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Facing A Warrant? What You Should Know About Arrest, Bench And Search Warrants In Maryland.

Many people call and say, “I have a warrant. What do I do now?” There are three types of warrants police will seek:

1. Arrest Warrants

If you’ve been charged with a crime in the state of Maryland, it’s possible that the police have sought and received an arrest warrant from a judge. If that happens, oftentimes, you will not know about the warrant until you have an encounter with the police. If the police have a warrant for your arrest, they will arrest you on sight. Oftentimes, people don’t know that there’s a warrant for their arrest until it’s too late.

However, an attorney can help you determine if there’s a warrant for your arrest and prepare you for the consequences associated with that warrant.

2. Bench Warrants

Once you are charged with a crime in the state of Maryland, you will be required to perform certain tasks or risk subjecting yourself to a bench warrant. Once a bench warrant is issued, the police will be instructed to arrest you on sight. Once you’ve been arrested, there is a greater likelihood of you facing increased penalties in the original case. Additionally, you risk being held without bond until you can receive a hearing.

The following actions will likely result in a bench warrant being issued:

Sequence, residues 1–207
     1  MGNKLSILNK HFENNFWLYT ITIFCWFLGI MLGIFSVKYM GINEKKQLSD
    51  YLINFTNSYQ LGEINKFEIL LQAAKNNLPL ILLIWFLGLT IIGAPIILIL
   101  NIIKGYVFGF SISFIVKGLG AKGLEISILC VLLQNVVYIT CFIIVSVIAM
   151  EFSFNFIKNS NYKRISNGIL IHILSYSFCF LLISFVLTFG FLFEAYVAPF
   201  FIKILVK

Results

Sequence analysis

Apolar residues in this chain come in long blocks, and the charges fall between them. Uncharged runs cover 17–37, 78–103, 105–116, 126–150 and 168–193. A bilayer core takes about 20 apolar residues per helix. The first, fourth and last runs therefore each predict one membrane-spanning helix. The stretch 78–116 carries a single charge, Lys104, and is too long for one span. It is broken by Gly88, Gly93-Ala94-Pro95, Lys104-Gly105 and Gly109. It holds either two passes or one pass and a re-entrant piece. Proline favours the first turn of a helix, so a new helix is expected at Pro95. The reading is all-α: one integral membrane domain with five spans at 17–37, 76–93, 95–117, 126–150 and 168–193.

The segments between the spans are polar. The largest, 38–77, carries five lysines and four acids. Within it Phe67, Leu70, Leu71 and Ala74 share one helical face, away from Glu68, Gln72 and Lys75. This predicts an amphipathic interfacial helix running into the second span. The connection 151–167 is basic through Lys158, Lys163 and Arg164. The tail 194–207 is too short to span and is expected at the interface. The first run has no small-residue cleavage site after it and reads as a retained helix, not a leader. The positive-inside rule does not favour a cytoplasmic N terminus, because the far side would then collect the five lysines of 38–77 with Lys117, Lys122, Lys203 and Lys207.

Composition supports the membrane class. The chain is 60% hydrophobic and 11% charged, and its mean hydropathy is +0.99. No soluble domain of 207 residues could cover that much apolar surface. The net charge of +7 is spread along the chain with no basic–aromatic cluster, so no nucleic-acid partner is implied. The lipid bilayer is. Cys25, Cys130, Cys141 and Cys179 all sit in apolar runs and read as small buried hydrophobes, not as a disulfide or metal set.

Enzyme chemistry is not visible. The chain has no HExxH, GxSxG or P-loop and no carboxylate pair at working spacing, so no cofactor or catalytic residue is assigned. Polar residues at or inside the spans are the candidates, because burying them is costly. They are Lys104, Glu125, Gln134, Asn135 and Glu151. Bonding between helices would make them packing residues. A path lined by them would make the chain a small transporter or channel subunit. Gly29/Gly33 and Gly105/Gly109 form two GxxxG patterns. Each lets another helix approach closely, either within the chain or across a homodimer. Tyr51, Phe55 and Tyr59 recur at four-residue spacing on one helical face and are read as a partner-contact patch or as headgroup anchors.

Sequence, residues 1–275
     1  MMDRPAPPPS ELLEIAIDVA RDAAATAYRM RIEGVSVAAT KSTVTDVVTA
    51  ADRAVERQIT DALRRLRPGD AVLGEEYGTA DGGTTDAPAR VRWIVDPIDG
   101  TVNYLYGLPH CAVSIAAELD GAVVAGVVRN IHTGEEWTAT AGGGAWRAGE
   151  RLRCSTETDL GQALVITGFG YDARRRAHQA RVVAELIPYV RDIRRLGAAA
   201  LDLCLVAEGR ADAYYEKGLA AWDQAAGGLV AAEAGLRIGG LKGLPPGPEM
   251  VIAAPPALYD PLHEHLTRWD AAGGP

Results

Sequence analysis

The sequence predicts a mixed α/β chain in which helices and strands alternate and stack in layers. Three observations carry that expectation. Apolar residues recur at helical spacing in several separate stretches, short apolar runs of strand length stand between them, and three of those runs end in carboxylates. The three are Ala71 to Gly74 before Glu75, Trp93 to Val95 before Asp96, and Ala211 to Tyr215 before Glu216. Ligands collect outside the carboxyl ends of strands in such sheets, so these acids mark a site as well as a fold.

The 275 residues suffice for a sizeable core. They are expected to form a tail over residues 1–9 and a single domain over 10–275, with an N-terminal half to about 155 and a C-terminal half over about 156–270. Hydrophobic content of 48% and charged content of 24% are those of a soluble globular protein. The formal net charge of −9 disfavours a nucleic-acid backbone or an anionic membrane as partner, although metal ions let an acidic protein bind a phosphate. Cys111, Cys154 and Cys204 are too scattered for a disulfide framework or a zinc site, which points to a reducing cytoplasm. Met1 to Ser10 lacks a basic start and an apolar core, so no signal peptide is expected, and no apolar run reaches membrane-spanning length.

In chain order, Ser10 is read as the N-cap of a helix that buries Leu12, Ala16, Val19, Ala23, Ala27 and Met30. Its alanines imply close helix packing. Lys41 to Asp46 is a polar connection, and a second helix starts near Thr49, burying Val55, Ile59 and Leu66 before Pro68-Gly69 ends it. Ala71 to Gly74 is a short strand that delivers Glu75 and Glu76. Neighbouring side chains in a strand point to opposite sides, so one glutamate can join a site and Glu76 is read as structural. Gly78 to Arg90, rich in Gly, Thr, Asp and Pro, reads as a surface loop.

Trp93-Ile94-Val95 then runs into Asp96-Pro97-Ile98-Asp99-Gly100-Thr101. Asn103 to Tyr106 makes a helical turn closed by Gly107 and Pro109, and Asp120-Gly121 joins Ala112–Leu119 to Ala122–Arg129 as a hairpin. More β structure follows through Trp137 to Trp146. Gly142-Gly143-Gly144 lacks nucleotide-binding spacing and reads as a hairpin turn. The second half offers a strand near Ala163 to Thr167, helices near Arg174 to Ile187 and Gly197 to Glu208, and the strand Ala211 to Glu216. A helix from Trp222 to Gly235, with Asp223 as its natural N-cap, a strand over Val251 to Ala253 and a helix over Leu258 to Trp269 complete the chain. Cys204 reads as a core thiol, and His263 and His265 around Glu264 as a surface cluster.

• Failing to appear in court for a scheduled hearing
  • Violating a court order
  • Failing to pay fines and costs as ordered
  • Failing to obey the conditions of parole or probation
  • Failing to complete treatment, classes, or community service as ordered

Unlike arrest warrants, bench warrants are almost always a part of public records. This means that an attorney can be of assistance in seeking to have the warrant quashed (withdrawn). Having a lawyer quash your warrant means that you won’t have to face arrest and detention while awaiting a hearing.

3. Search Warrants

A search warrant is different from the other warrants discussed above. It is close to impossible to know in advance if the police have a search warrant for you, your home, car, etc. A search warrant is an order from a judge authorizing the police to search a specific location for evidence of specific crimes. The police can get search warrants to search essentially anything, but some common locations include:

  • Houses
  • Vehicles
  • Computers
  • Cellphones
  • Places of business

Once a search warrant is being executed, there’s really not a whole lot to do other than to wait for the police to finish and hire a lawyer to discuss the situation as soon as possible. It is important to not answer any questions or talk to the police at all until you have hired a lawyer.

Criminal defense attorney Bradley Shepherd can help.

A Skilled Criminal Defense Attorney Who Knows The Law And Your Rights

Bradley Shepherd is familiar with all three types of warrants. He knows the law, the procedures, what police can and cannot do, and your rights.

If you have been “issued a warrant,” contact 443-998-9450 immediately. Free phone consultations.

If you have in fact been issued a bench warrant, Bradley can negotiate with the police and prosecutors and coordinate a time for “self-surrender” so you can make arrangements for family matters, child care, your job and other personal issues.